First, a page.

“It couldn’t. It wouldn’t!” you say. Well, after successful group classes for years, it happened. And it was probably all my fault.

What was I thinking? Spring weather had just begun. That makes squirrely kids. It was right before spring break. That makes kids mega-squirrely. I made it a pizza party. That brings in higher numbers. And—here’s the biggie—I did not recruit help. I didn’t make sure any older students were attending. So I had oodles of young ones, and no older ones with whom to pair them up. Yikes.

It started great. I had three pizzas cooked ahead. I cut them to give my young learners a visual of whole notes, half notes, quarters, and eighths. They had to ask for the number of eighths they wanted to eat, and tell me how many quarter notes they took, or dotted quarter, etc. (nobody got a whole note!). But then the fun started.

Without supervision.

I was kept busy putting pizzas in, taking them out, cutting them and pouring beverages. So the party became quite noisy and full of high spirits. They weren’t naughty or ill-behaved—these are good kids! Just over-the-top energy and behavior. Which meant it was nearly impossible to get them back.

I had learning games planned. I swapped one in to quiet them down. I played a CD, and they were to draw how it made them feel. I spent the next 10 minutes answering questions like, “Can I draw the London Bridge?” and comments like, “Did you know the London Bridge was moved to (some city here in the States) in (some year I missed)?”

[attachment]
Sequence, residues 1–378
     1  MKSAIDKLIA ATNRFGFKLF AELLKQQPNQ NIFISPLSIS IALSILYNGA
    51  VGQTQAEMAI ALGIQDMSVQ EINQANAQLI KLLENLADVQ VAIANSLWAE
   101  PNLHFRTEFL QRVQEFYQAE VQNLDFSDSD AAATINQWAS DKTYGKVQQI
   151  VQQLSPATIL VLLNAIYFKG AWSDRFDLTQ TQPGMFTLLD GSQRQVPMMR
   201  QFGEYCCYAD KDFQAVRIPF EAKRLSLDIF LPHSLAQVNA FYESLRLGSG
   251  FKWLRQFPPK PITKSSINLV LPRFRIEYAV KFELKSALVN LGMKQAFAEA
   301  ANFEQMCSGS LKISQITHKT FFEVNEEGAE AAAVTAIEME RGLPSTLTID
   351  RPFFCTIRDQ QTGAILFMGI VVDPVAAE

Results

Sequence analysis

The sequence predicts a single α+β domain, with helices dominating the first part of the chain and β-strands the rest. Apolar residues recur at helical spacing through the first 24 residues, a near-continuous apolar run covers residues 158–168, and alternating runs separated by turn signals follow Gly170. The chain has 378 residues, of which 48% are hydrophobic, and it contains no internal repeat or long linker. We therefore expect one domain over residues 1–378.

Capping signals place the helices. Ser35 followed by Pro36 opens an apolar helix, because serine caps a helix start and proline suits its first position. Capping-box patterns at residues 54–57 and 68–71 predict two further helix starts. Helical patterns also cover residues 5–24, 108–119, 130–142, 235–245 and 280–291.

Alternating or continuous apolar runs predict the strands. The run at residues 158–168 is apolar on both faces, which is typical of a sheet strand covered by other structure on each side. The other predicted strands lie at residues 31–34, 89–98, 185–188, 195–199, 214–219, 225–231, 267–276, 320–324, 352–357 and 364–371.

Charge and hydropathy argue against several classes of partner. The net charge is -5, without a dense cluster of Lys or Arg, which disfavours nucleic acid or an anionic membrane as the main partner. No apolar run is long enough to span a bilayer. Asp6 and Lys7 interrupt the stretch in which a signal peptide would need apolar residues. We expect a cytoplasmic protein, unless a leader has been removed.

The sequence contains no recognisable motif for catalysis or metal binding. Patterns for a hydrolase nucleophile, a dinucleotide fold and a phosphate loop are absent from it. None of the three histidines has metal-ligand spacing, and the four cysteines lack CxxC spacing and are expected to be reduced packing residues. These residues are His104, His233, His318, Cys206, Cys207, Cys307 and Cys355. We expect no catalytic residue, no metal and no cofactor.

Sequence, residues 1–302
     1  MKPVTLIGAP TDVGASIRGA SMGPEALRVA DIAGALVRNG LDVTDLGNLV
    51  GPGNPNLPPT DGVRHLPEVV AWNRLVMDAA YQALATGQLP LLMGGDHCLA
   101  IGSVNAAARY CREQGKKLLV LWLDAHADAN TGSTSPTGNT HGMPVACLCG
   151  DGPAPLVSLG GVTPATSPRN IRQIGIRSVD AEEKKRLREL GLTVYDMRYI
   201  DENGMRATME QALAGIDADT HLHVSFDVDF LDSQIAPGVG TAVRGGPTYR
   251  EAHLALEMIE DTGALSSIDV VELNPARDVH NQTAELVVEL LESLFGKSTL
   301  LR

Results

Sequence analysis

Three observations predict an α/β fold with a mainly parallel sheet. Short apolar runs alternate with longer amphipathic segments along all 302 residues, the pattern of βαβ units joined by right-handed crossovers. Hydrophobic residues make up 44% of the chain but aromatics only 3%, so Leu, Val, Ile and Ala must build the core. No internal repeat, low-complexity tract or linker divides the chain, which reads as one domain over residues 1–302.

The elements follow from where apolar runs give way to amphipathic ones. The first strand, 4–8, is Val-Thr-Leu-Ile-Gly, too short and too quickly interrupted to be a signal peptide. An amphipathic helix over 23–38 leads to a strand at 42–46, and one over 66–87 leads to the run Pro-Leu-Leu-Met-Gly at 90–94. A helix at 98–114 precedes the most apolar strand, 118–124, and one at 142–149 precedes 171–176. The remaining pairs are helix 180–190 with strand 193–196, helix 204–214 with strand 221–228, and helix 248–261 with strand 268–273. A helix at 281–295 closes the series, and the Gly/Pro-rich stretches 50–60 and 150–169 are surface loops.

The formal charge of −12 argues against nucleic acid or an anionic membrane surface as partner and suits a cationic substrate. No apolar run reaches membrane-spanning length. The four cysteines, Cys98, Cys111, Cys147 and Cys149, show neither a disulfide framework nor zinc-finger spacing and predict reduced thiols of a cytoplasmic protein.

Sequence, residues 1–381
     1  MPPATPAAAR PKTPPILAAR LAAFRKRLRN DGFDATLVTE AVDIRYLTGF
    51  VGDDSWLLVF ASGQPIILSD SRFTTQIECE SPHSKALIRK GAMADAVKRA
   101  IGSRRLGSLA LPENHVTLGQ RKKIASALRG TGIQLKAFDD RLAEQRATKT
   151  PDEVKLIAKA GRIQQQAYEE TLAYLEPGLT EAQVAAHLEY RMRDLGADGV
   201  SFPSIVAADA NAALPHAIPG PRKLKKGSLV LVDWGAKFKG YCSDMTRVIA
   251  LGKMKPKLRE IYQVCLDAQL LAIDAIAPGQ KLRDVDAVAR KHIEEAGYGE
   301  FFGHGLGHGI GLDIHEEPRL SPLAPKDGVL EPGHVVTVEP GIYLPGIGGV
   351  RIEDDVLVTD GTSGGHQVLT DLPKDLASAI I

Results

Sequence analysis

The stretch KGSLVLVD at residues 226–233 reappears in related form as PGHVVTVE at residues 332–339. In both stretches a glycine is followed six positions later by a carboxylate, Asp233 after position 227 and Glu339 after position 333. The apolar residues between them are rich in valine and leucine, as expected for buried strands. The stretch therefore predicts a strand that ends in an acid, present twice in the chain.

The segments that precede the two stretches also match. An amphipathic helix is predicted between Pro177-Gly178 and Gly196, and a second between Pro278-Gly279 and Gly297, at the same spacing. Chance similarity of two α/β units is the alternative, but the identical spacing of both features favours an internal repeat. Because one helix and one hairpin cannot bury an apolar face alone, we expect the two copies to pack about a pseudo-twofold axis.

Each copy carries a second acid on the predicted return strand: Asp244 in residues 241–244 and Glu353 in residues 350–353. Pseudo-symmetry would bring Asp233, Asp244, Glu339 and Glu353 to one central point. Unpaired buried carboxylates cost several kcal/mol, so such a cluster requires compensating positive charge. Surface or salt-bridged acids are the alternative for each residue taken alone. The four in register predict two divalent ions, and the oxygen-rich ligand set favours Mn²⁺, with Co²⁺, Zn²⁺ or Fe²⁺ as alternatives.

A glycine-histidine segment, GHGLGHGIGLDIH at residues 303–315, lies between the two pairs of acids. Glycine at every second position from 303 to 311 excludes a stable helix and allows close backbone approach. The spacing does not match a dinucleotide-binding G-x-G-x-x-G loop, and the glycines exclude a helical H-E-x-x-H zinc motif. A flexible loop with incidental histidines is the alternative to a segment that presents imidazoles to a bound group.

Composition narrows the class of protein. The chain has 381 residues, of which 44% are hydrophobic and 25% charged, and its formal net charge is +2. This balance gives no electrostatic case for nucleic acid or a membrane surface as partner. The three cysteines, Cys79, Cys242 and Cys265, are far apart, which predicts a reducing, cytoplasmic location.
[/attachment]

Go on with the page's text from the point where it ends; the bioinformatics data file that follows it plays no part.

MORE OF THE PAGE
When the quiet music time became noisy due to high spirits, and I astutely realized this was not accomplishing the quiet mood I’d thought it would, I moved on to another game.

I think, by the final game, some music facts sank in. I had four chairs set up, with students on them. Each was a quarter note. We counted them. Remove one or more, the counting stays the same, because after all, rests take as much space up as notes (the chair is still there, simply unoccupied). They needed to decide how to make a half note, whole note, dotted half. Only one student was tall enough to lie across all four chairs to make that whole note.